Anyway, two Green Homes officers turned up at my home, bang on time today and did a thorough assessment of the energy efficiency or otherwise of my home. Was easily impressed when one of them said he had done an energy audit of Ethical Man Justin Rowlatt's house (well they must be the experts, mustn't they?)! They did an assessment for an EPC (energy performance certificate, the thing that's part of the homesellers' packs), but also went much further than that, with thermal imaging, a blower thingy (technical term) to assess how draughty my flat was, using a smoke pen to show me how heat was escaping through my leaky sash windows etc. At one point the entrance to the flat looked like something from a crime scene/contamination zone as it was all covered over with this blower door thing to assess how airtight my home is.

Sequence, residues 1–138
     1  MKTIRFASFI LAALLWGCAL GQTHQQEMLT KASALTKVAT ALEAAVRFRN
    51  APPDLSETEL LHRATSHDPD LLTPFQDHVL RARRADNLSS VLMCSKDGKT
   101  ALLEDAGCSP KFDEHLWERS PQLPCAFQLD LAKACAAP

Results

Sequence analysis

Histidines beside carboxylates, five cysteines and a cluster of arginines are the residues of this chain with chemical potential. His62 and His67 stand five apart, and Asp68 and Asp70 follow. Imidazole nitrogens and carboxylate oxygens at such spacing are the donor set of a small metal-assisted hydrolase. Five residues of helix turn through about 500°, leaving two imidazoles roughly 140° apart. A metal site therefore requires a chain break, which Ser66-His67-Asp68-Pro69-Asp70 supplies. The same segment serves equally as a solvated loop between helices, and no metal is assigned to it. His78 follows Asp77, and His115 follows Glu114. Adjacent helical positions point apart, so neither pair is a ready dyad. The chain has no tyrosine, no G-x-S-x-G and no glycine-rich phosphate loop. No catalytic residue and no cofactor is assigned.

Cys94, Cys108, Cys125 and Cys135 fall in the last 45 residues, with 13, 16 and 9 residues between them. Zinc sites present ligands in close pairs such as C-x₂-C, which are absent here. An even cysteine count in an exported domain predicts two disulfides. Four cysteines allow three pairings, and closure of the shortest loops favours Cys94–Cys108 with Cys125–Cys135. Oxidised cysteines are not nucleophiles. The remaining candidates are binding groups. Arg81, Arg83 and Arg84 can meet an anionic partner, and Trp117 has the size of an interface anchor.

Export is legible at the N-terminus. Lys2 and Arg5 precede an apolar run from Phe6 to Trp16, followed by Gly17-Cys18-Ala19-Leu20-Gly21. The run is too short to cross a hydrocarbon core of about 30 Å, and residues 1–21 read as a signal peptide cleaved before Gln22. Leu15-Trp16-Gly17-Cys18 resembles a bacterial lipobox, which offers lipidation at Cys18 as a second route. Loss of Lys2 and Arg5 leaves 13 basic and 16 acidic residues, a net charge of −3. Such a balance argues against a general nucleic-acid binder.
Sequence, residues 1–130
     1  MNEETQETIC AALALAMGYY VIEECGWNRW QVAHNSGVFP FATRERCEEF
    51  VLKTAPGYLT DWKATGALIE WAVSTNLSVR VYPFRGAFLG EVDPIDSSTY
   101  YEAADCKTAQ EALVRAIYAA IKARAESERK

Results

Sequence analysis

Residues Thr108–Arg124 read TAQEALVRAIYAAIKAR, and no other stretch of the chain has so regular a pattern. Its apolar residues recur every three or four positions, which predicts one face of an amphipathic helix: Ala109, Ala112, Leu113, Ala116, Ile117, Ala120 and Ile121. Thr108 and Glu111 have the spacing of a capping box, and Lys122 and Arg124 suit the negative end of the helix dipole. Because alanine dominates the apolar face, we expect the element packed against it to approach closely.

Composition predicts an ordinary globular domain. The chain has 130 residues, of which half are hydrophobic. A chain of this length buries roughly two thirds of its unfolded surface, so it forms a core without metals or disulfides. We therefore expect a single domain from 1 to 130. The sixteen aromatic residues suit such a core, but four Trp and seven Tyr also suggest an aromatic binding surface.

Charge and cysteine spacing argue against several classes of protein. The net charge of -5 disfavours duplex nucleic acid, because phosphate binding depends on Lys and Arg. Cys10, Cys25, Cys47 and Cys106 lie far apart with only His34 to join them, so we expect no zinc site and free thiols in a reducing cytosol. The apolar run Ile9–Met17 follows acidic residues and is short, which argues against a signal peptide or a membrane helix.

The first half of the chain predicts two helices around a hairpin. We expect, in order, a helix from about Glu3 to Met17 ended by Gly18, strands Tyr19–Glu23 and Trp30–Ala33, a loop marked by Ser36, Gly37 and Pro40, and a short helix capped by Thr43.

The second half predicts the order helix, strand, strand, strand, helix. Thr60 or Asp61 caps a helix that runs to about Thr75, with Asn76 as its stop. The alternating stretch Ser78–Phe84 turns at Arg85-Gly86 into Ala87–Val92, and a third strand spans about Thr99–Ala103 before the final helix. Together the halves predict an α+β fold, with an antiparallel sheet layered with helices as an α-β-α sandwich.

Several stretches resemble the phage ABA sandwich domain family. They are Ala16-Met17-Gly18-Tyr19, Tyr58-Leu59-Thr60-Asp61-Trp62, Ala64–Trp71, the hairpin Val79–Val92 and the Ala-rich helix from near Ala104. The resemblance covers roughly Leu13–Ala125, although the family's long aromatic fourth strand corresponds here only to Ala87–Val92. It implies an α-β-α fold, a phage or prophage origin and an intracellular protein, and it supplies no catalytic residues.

After all that they sat down and went through their findings and suggestions with me. My flat scored slightly above national average on the EPC at 63/100, where the national average is about 55/100, but way below the 80/100 required by current building regs for a new-build house. This was mostly because as a ground floor terraced flat I don't lose any heat through a roof or through the walls shared with my neighbours. Also, the EPC doesn't take into account draughts, and as I was all too aware following the cold spell in December, my flat is very draughty.

Frighteningly, they assessed the carbon footprint of my 2-bed flat at 3.7 tonnes a year, way above what we need to get our total individual carbon footprints down to in this country to avoid runaway climate change (in my defence, this didn't take into account the fact that I have a green electricity supplier and assumed levels of gas use that may well be above what I actually use!). Then they suggested measures I could take to get this down to 2.2 tonnes and save 1.5 tonnes of carbon a year.